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Bees

 

Section Overview

Databases

Information Format

Overview of Bees

Description of Bees

Life Cycle of Honeybees

 

Links

Inventory of Bee Families and Species

Honeybee Anatomy

 

 

Section Overview

 

Fifty-one species of bees, encompassing five bee families, have been identified through research conducted in a limited portion of Sky Meadows State Park. The following inventory of bees was dervied from the Virginia Working Landscapes Grassland Biodiversity Survey (2014), Conducted by the Smithsonian Conservation Biology Institute. It is anticipated that additional bee species will be added to the Inventory of Bee Families and Species as more comprehensive research is conducted in the park.

 

Databases

 

Information for bee species was obtained from two primary sources. The first source was the Virginia Working Landscapes Grassland Bio-

diversity Survey (2014), Conducted by the Smithsonian Conservation Biology Institute. The second source is the Internet website Discover Life - a website established by the Polistes Foundation, a 501-c-3 non-profit organization established in 2002. It is now the legal umbrella and fiduciary of Discover Life, the International Center for Public Health and Environmental Research (PHER). Discover Life stated mission "is to assemble and share knowledge in order to improve education, health,
agriculture, economic development, and conservation throughout the world." Discover Life "provide[s] free on-line tools to identify species, teach and study nature's wonders, report findings, build maps, process images, and contribute to and learn from a growing, interactive encyclopedia of life with 1,292,977 species pages and 650,046 maps."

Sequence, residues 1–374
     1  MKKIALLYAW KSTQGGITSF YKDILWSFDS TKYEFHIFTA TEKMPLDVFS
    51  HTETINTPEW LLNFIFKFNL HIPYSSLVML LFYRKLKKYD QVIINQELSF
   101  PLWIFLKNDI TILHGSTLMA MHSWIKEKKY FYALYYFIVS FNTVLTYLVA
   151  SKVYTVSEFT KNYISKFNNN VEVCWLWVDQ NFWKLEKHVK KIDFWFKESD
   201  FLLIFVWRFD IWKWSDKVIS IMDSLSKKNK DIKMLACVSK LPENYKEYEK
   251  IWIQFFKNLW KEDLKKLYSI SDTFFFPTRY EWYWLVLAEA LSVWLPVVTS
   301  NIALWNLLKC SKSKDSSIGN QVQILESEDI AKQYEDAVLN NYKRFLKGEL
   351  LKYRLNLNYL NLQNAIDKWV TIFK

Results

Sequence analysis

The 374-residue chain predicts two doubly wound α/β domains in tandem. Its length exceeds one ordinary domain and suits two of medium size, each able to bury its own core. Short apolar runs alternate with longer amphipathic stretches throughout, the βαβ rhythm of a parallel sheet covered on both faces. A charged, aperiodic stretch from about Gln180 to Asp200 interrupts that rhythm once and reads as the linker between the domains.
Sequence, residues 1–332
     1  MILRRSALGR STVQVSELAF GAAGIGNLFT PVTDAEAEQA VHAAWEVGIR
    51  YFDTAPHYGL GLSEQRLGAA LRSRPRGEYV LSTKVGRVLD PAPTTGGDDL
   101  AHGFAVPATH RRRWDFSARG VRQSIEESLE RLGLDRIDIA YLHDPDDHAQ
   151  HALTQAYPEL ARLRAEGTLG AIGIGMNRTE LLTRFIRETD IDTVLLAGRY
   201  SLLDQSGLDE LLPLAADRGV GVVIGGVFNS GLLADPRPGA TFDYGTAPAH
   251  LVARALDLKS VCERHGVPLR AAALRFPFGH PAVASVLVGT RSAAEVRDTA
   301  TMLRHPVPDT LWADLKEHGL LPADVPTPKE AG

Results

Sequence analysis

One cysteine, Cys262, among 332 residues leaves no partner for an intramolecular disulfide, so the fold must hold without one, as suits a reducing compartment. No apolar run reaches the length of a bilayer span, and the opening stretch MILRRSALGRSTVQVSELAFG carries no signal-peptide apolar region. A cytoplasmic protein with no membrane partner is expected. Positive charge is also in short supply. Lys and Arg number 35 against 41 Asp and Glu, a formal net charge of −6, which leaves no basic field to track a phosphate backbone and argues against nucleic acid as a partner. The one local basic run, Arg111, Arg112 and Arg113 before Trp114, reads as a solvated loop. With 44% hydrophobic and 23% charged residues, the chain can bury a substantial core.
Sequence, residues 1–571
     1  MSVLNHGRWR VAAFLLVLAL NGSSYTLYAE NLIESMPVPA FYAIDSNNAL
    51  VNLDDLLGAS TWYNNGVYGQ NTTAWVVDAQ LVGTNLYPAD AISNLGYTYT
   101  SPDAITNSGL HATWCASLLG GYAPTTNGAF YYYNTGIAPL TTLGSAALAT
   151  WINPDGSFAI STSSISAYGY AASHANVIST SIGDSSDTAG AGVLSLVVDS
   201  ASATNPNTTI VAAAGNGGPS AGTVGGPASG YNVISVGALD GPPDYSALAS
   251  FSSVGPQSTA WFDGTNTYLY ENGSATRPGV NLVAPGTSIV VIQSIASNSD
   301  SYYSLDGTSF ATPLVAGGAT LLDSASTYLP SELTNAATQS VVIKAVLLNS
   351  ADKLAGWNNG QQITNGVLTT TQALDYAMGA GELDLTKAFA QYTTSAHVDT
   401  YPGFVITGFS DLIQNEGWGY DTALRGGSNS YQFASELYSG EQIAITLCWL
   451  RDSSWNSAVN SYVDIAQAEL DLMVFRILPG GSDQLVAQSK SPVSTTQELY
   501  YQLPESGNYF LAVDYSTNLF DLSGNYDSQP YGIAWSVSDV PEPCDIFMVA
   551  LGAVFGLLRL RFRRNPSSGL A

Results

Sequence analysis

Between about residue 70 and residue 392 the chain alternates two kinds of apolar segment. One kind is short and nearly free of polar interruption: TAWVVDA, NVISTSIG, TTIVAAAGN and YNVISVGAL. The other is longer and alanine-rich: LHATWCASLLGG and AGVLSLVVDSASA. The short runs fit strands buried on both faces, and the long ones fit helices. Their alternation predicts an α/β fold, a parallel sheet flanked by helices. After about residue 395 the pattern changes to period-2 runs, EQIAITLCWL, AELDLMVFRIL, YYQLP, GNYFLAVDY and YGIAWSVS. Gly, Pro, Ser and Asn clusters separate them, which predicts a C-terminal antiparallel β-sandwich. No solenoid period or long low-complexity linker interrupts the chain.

Information Format

 

The information format employed with the Bee section is differfnt than the other information formats included in the Nature Guide. For specific bee species, individual links to the applicable URL address of Discover Life have been used. This has been done for three primary reasons. First, for small animals, bees have complex anatomical characteristics, involving often minute variations that are difficult to examine while the animal is alive (and even difficult when not alive). Second, the complex internal and external anatomical characteristics of bees is described using very specific technical terminology not readily comprehensible to those not acquanted with professional melittology (the science of bees). Third, there are few on-line resources that are both comprehensive and complete for all the bees identified at Sky Meadows. Discover Life is the only on-line site that has full descriptions of all species of bees found in Sky Meadows.

 

It is recommended that at each Discover Life URL address for the different bee species, the reader should utilize the following five basic information components: 1) the extensive number of pictures, 2) female description, 3) male desciption, 4) species distribution, and 5) flower records. This information is derived from T. B. Mitchell's two volume work Bees of the Eastern United States. Additional information is also available, including taxonomic and synon

 

 

Overview of Bees

 

Bees are flying insects closely related to wasps and ants, known for their role in pollination and, in the case of the best-known bee species, the European honey bee, for producing honey and beeswax. There are nearly 20,000 known species of bees in seven to nine recognized families, though many are undescribed and the actual number is probably higher. They are found on every continent except Antarctica, in every habitat on the planet that contains insect-pollinated flowering plants.

 

Description of Bees

 

It is usually easy to recognise that a particular insect is a bee. They differ from closely related groups such as wasps by having branched or plume-like setae (bristles), combs on the forelimbs for cleaning their antennae, small anatomical differences in the limb structure and the venation of the hind wings, and in females, by having the seventh dorsal abdominal plate divided into two half-plates.